Bern

October 12-13:  It was really difficult to leave Montreux.  Just the one day there reinforced that I’m going to have to live in a French area in Europe at some point in my life.   The consolation to leaving is another beautiful train ride – this time to Bern via Lausanne.   On the way to Lausanne, there are views of the area’s wineries, perched on the hills above Lake Geneva:

As the train heads north toward Bern, the clouds melt away and we’re presented with yet another sunny day.  We find our way from the train station to our small hotel in the old town of Bern, drop off our bags and after a late lunch eaten sitting along side a cobblestone street, we take in a small museum set up in Albert Einstein’s apartment for his time in Bern.  It’s not a good museum – Jodi quipped that it was like someone just printed out a bunch of stuff from wikipedia. 

With a beautiful afternoon upon us, we stroll over to Bern’s Bear Park to see the bears who are a symbol of the city.   We’re lucky that two of the bears are playing in the water when we arrive:

The bears were very amusing playing in the water.  Jodi decided to shoot this video, and hilarity ensues around the 0:30 mark. After the laughing subsides, we take in some of the sights of Bern as we make our way back to our hotel before supper:

No photo tour of Bern is complete without a picture of the Zytglogge, the 800+ year old medieval clock tower in the heart of Bern’s old town:

In the evening, we have a spectacular meal at cozy Pizzeria da Bucolo.  Wood-oven pizzas, better than any we’ve had, filled the night.  Desert, something I usually take a pass one, was really unique – a panna cotta gelato (so creamy!):

Our second day in Bern and the weather is starting to feel more fall like.  In the morning, you can see your breath, but it warms up nicely for the afternoon.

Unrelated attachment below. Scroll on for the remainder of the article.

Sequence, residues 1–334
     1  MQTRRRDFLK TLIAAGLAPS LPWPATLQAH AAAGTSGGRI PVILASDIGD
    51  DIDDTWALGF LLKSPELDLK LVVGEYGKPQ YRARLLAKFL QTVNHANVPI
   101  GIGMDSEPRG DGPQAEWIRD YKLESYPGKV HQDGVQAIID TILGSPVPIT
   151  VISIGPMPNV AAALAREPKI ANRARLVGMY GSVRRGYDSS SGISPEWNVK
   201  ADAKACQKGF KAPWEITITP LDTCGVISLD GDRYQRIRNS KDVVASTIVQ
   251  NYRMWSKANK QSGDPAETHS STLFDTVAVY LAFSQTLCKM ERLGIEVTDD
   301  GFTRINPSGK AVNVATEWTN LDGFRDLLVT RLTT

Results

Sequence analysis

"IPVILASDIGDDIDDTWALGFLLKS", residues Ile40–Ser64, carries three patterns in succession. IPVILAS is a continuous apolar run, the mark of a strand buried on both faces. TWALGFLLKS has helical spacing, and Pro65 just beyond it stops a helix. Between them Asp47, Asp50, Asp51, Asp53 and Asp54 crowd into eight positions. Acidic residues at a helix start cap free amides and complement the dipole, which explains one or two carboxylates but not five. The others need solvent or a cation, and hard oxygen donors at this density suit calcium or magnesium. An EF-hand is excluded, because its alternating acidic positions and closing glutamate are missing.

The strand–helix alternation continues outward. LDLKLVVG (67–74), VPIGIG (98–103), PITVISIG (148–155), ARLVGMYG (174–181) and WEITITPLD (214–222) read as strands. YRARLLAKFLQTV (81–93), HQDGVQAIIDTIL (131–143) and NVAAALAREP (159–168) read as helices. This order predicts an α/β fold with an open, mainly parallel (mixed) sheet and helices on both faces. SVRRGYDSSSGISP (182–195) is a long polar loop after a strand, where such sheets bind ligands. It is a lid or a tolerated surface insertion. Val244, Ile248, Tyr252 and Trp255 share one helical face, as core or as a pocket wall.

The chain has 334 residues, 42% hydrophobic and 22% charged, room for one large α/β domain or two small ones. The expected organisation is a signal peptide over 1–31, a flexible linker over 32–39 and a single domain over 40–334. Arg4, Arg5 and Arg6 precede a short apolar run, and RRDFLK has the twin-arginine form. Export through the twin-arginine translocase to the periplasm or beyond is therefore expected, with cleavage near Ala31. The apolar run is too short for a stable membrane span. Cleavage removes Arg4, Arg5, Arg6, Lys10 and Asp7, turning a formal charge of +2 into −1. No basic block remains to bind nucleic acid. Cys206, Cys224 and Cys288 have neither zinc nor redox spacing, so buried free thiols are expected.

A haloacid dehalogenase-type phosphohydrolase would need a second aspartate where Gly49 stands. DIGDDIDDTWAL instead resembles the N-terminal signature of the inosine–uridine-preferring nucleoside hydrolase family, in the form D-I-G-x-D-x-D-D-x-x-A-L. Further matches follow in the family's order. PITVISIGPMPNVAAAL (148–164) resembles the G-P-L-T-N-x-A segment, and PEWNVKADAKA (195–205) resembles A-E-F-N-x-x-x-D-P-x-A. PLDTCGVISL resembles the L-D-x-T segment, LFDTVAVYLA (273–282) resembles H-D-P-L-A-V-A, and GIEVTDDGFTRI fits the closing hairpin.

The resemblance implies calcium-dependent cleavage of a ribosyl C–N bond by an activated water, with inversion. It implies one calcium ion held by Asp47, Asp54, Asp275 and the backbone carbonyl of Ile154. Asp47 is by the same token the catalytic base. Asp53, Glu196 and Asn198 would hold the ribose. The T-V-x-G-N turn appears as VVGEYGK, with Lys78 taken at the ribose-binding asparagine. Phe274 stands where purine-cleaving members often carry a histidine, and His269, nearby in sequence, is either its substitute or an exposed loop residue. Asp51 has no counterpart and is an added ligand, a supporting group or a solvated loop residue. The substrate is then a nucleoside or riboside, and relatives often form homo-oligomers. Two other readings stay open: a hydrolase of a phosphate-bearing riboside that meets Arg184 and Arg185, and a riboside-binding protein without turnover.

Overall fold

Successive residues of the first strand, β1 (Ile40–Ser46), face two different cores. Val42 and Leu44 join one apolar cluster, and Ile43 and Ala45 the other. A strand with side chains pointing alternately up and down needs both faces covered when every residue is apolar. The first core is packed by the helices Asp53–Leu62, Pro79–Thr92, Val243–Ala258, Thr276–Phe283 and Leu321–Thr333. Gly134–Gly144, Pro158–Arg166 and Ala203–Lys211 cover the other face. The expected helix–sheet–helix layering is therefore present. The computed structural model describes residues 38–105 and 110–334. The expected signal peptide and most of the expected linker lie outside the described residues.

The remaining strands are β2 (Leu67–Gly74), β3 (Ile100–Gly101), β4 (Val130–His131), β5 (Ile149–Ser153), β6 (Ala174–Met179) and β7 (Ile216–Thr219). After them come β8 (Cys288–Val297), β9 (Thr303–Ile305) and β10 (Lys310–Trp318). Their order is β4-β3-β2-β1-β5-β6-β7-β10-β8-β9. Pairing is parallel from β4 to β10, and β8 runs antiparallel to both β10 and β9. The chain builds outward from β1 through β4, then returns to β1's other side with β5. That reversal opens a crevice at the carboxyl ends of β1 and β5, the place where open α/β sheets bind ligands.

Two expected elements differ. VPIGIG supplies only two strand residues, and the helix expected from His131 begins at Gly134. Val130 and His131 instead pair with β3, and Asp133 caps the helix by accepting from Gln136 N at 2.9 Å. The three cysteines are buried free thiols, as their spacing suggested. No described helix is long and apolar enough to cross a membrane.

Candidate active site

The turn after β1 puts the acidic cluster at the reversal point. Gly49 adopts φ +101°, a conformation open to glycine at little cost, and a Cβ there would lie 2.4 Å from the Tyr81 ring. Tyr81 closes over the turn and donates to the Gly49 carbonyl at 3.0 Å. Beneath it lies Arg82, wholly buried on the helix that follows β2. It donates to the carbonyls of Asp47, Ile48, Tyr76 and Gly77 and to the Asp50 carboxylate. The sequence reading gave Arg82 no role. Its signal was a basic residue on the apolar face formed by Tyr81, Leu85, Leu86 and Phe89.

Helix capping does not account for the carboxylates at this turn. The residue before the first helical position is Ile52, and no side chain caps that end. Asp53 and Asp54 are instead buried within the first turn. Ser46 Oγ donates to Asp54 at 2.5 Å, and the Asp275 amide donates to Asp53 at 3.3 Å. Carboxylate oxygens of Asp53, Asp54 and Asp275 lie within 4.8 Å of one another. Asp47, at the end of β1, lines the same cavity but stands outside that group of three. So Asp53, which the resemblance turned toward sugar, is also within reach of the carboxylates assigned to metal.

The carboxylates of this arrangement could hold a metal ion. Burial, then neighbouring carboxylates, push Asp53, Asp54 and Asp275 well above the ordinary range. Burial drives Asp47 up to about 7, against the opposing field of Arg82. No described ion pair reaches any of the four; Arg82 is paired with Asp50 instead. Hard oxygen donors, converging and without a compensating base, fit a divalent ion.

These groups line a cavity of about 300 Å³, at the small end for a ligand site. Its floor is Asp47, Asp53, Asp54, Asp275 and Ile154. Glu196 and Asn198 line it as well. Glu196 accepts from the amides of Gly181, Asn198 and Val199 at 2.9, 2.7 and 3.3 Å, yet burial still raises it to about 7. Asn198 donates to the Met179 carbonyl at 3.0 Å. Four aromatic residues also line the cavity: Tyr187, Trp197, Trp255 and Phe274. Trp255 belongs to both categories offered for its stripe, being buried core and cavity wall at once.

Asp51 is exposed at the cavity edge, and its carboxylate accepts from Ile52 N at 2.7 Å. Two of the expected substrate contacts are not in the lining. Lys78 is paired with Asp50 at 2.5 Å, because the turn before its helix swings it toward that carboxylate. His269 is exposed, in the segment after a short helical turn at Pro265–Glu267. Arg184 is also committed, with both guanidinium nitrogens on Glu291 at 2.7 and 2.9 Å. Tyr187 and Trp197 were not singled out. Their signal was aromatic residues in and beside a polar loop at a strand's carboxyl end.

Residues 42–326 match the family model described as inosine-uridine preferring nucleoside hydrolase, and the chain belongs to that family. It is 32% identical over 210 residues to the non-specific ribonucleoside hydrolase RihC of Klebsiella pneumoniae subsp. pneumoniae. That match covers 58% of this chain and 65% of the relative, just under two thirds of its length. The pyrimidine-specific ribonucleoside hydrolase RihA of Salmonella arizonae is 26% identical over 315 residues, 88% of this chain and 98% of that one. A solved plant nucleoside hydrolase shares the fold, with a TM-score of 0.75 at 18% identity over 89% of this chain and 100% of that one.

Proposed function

Münster of Bern from across the River Aare:

Here’s our morning destination – the Swiss Museum, and in particular, the Einstein Museum located within:

We have the Einstein Museum to ourselves and spend a couple of hours learning the story of his life.  The museum does a great job of putting his life and work in context of world events and the pressures on him academically and politically.   There are wonderful artifacts like old school report cards, essays he wrote to enter university and this one, his immigration document when we moved to the US:

We spend the afternoon being pretty lazy and wander around town a bit:

I really liked Bern.  It’s old town is a UNESCO site and is beautifully preserved.   But it’s also a town with a bit of personality and humour, perhaps best demonstrated by Kindlifresserbrunnen, a monument in a busy town square of an ogre eating a child (with a few more at the ready in his sack).  Ok, that’s not really funny (among a couple of interpretations, the most likely one is it’s a symbol to scare disobedient children), but the fact that it’s still there in a busy square makes me chuckle:

On our last night in Bern, we decide to violate one of our principle travel rules (“Thou shalt never return to the same restaurant on the same trip lest ye be disappointed”) and go back to da Bucolo for supper.  It’s wonderful the second time around.  This place is so good, that for 2 nights we forgot to take pictures of our pizzas. 

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